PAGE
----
Gaiman’s fan­tasy is your next must-see box set

The Jewish Chronicle - - LIFE - TELE­VI­SION JOEL MEAD­OWS

GAME OF Thrones meets Monty Python” is how Rolling Stone de­scribes the pro­logue for Amer­i­can Gods, the next must­see box set, adapted from the novel of the same name by Bri­tish- Jewish au­thor Neil Gaiman. Gaiman, based in the US th­ese days, has a cult fol­low­ing and has won many awards for his nov­els and his comic se­ries The Sand­man. He’s also a sea­soned writer of screen­plays. This is his first book to be adapted into a big-bud­get TV se­ries.

The se­ries cen­tres on ex-con­vict Shadow Moon (Ricky Whit­tle) en­coun­ter­ing a mys­te­ri­ous world pop­u­lated by gods who have come to Earth, in­clud­ing the enig­matic Mr Wed­nes­day, played by TV leg­end Ian McShane, and Mad Sweeney (Pablo Schreiber).

Gaiman told a magazine ear­lier this year: “The first sign­ing of the Amer­i­can book tour was in the Twin Tow­ers on June 19, 2001.

“If any­thing, I feel like I was writ­ing about stuff that was in the wind, and the wind has just been con­cen­trat­ing over the past 20 years.”

Co-cre­ator Michael Green, whose CV in­cludes NBC’s Heroes and Smal­lville, is a Jewish New Yorker who, in col­lab­o­ra­tion with the other showrun­ner, Bryan Fuller (Han­ni­bal) brings years of ex­pe­ri­ence to the show.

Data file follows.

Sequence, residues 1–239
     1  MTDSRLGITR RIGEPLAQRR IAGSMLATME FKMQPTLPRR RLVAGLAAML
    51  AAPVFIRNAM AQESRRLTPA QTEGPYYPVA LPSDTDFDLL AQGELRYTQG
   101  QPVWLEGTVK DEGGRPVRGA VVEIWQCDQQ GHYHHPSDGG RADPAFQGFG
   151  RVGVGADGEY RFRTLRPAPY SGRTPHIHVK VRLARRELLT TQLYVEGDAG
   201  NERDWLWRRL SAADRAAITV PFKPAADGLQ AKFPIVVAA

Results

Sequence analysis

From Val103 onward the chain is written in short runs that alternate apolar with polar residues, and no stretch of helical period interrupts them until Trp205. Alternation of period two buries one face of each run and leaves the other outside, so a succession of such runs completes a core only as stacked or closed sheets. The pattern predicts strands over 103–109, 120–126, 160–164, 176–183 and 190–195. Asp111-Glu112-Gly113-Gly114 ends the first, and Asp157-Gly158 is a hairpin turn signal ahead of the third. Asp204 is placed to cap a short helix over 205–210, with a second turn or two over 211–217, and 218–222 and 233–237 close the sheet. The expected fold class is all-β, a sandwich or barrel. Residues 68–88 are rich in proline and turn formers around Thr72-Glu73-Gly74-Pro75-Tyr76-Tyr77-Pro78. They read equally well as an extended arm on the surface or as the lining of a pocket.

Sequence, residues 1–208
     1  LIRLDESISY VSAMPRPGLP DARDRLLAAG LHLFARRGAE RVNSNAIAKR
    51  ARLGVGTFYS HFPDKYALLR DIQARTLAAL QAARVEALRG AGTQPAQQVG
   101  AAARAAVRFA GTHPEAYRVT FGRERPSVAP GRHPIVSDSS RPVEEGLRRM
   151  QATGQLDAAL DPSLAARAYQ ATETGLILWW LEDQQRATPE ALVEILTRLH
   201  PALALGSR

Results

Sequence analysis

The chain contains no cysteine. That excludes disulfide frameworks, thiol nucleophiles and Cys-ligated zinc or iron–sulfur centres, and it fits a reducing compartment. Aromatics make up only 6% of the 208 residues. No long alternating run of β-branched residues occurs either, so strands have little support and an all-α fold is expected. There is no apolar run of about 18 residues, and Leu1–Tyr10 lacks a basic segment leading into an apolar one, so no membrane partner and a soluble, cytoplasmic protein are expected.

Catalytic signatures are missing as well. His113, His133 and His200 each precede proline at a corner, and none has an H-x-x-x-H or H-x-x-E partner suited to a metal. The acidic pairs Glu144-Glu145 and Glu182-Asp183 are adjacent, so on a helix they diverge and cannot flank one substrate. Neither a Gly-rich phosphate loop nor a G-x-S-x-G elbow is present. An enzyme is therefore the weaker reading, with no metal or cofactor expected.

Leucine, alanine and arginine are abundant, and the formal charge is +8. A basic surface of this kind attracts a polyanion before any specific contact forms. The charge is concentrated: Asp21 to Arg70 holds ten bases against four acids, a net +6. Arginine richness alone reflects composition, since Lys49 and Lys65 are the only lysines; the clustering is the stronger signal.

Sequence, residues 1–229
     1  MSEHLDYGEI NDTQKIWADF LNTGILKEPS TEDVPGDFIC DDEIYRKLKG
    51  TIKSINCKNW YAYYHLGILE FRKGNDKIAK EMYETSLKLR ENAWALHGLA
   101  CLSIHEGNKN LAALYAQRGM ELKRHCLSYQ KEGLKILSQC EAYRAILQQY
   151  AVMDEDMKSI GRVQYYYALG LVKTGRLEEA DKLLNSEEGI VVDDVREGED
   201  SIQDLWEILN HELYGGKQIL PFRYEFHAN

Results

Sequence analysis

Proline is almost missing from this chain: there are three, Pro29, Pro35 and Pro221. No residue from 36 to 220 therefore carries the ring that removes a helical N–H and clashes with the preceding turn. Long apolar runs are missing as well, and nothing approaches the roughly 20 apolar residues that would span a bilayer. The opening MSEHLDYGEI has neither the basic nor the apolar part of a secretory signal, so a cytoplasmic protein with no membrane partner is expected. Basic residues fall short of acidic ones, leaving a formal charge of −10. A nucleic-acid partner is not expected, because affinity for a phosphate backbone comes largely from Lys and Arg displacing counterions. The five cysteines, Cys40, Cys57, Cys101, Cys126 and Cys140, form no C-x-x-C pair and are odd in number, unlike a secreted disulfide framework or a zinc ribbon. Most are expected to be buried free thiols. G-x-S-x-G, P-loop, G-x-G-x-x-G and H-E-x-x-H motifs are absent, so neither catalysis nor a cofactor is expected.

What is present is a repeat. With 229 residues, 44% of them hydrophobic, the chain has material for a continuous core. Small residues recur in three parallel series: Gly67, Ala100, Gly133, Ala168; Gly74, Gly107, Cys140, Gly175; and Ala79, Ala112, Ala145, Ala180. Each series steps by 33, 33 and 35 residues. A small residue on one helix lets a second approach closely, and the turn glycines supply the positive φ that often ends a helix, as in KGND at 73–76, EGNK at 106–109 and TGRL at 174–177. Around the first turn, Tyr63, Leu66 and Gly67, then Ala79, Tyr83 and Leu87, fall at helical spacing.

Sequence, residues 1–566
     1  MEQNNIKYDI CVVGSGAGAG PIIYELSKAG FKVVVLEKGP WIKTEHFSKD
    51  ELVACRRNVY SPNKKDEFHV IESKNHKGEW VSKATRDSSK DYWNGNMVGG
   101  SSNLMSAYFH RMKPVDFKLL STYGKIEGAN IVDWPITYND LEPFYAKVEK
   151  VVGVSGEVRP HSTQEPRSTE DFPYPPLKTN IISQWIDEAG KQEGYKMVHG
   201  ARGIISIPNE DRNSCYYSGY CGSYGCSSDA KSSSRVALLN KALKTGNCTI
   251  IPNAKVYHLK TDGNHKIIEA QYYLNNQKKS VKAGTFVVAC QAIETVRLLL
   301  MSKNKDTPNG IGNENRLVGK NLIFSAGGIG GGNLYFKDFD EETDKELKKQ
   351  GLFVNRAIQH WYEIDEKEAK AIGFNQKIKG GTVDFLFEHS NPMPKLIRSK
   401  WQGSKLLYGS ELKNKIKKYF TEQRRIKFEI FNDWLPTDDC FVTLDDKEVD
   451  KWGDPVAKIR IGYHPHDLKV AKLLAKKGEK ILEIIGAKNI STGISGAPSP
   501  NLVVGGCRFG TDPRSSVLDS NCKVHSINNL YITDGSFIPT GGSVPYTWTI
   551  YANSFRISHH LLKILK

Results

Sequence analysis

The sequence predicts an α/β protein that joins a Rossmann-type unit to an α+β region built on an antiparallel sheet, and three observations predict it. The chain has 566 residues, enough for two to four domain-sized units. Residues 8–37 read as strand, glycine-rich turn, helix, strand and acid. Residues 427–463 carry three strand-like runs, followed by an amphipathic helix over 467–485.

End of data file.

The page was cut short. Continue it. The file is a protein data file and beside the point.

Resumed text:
Green told an au­di­ence re­cently that he and Fuller were ex­cited about the show be­cause it hits on sub­jects that peo­ple feel pas­sion­ate about but TV of­ten avoids, in­clud­ing re­li­gion.

“And the im­mi­grant sto­ries of peo­ple com­ing with their faiths, with their tra­di­tions, with their myths, with their be­liefs, with their idio­syn­cra­sies and then have to ne­go­ti­ate those against this new world they find them­selves in.”

Green’s part­ner on the show, Fuller, says the fact that they came from two dif­fer­ent re­li­gious back­grounds was some­thing that they could play to when de­vel­op­ing the show.

“One of the things that has been very re­ward­ing for me in the ex­pe­ri­ence has been just the part­ner­ship with Michael and be­ing able to go into this well-loved book and come at it from two dif­fer­ent per­spec­tives of re­li­gious ex­pe­ri­ence. Michael be­ing raised Jewish, my­self be­ing raised Catholic, and both of us hav­ing a fond­ness for those re­li­gions and a cu­rios­ity about what con­sti­tutes those re­li­gions.

“It feels like this book is a great op­por­tu­nity for both of us to have con­ver­sa­tions about faith and our roles in the uni­verse in a way that is ev­ery bit as fun as the sto­ries that we grew up loving in sci­ence fic­tion and fan­tasy.”

Fans of Gaiman’s fan­tasy-in­fused work like The Sand­man and Nev­er­where will find that his fin­ger­prints are very much on Amer­i­can Gods. The first episode fea­tures ev­ery­thing from Vik­ings and a lep­rechaun to a gang of cy­ber-thugs called The Chil­dren and a tree with talons. Ex­pect blood, magic and a lot of sur­prises.

Let’s hope it will re­vive moves to make other Gaiman works into films or TV se­ries. Many have had the rights pur­chased, but as yet too few projects have come to fruition. I was writ­ing about \]^Þ that was in the wind

‘Amer­i­can Gods’ will be avail­able to watch on Ama­zon Prime in the UK from May 1. The first sea­son runs for eight episodes.

Ian McShane as the mys­te­ri­ous Mr Wed­nes­day

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